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October 19, 10

NEWS / Division on Civil Rights: Sony Music Settles with Man Who Charged Workplace Harassment


Company Agrees to Pay Ex-Employee Allegedly Harassed Over Homosexuality

TRENTON Ė The Division on Civil Rights announced today that Sony Music Holdings, Inc. has agreed to pay a former employee of its compact disc manufacturing plant in South Jersey $20,000 to resolve allegations the man was regularly harassed in the workplace because of his sexual orientation.

Sony Music, doing business as Sony DADC of Pitman, Gloucester County, has already paid former machine operator Charles E. Morgan the $20,000 settlement amount. In addition, Sony has agreed to provide Morgan a neutral reference if contacted by prospective employers in the future. Under the settlement, Sony makes no admission of wrong-doing.

ďThis is a fair settlement that resolves serious allegations Ė allegations of on-the-job bullying and harassment based on a personís sexual orientation and a purported failure by management to effectively deal with the situation,Ē said Division on Civil Rights Director Chinh Q. Le. ďThere simply can be no tolerance for the kind of harassment alleged in this case. It is denigrating, it is unlawful and we are committed to holding accountable any employer who fails to address it.Ē

Morgan, of Philadelphia, was hired by Sony in a temporary capacity as a machine operator in October 2008. Morgan charged in his original complaint that, on at least three different occasions between May 2009 and August 2009, he approached Sony management to report being harassed on the job. Specifically, he complained on one occasion that his co-workers were making offensive comments about his homosexuality. On another occasion, Morgan reported that slurs were written about him in graffiti near his work site, and on a menís room wall. On August 15, 2009, Morgan reported that a Sony co-worker told him "youíre too gay to sit here." Morgan alleged that, even after he reported the alleged harassment to Sony DADC managers, no action was taken. Instead, Morgan charged, Sony committed an act of reprisal by denying him promotion to full-time, permanent status as a machine operator.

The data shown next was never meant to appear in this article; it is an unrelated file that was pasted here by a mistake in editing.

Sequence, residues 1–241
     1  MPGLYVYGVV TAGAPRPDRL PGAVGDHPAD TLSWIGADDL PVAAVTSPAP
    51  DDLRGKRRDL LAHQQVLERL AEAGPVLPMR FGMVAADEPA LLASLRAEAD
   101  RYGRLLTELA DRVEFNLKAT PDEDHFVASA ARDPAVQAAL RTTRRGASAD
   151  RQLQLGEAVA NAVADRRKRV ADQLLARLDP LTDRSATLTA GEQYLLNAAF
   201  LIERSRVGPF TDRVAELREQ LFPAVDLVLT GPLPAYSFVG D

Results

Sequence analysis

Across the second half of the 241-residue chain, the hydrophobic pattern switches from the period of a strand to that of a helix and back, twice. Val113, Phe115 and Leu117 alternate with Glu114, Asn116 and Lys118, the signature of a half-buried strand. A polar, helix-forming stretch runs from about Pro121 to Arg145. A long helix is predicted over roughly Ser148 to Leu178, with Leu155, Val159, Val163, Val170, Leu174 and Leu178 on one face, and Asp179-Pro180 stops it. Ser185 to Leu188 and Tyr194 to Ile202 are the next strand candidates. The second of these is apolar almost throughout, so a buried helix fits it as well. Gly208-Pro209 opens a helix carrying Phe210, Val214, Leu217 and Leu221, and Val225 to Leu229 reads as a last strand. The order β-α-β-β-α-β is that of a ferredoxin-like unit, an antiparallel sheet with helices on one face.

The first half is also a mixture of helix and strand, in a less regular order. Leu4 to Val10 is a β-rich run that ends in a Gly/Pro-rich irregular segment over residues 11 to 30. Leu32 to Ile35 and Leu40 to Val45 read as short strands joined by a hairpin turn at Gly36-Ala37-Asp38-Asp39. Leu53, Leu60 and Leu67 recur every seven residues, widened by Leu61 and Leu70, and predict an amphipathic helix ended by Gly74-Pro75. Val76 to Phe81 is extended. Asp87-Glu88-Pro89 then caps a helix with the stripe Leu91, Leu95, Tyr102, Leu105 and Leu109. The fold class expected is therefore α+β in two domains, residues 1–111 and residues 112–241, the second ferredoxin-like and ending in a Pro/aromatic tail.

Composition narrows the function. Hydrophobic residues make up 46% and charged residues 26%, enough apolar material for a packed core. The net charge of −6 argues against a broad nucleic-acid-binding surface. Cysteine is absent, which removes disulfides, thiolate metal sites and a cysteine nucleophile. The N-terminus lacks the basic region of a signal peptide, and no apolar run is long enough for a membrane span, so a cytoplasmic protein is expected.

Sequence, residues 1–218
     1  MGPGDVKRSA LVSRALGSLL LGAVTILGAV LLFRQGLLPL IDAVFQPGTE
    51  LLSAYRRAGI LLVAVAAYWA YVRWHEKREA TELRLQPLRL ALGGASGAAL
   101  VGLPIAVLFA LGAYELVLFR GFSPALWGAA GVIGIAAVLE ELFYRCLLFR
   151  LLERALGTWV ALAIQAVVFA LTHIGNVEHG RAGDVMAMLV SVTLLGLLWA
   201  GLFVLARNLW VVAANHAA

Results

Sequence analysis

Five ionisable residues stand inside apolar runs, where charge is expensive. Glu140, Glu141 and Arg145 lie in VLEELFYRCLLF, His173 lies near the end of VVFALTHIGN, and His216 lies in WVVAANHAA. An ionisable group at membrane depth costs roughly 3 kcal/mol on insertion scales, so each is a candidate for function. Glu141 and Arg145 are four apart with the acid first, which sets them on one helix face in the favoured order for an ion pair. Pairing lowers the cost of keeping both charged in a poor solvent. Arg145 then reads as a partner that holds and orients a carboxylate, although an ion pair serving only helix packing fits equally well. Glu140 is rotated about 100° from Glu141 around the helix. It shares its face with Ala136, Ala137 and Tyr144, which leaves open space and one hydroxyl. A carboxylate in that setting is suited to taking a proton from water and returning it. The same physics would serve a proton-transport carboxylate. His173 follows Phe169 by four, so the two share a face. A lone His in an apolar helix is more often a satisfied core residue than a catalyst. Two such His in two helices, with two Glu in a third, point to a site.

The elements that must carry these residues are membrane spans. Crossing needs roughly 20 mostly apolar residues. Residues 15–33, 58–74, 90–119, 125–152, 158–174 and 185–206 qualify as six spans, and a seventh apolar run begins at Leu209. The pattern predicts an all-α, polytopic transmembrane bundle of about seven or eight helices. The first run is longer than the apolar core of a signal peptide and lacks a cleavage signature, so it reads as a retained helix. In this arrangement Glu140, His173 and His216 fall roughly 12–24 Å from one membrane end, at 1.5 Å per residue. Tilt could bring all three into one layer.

Morgan told Division on Civil Rights investigators that his supervisor at Sony blamed his failure to be given full-time employment status on poor attendance, and a lack of qualifications. However, Morgan charged that heterosexual co-workers who were no more qualified than him, and who had less seniority, received such status. Morgan also alleged in his original complaint that Sony suspended him for three days in August 2009 as an act of reprisal.

During the Divisionís investigation of the case, Sony DADC rejected Morganís charge that he was denied a "promotion." The company noted that Sony considered the change from temporary to permanent employment a change in job status, not a promotion.

Sony managers claimed they promptly investigated each of Morganís complaints and sought to address them. For example, they said they removed from Morganís department a co-worker who allegedly was "preaching" to him about his homosexuality. (Morgan acknowledged that this occurred.) In addition, Sony management said it held an employee staff meeting to re-emphasize and redistribute the companyís policy on Fair Employment Practices, which includes a section on "Freedom from Sexual and Other Forms of Harassment in the Workplace."

However, shortly after Morgan filed his complaint with the Division on Civil Rights on August 25, 2009, he was terminated, ostensibly for poor attendance.

Director Le thanked Division Investigator Alex Garcon, who helped negotiate the settlement and John Beauchamp, Regional Manager of the Divisionís Camden office, for their work on the Sony DADC matter.

http://www.nj.gov/oag/newsreleases10/pr20101019b.html

 




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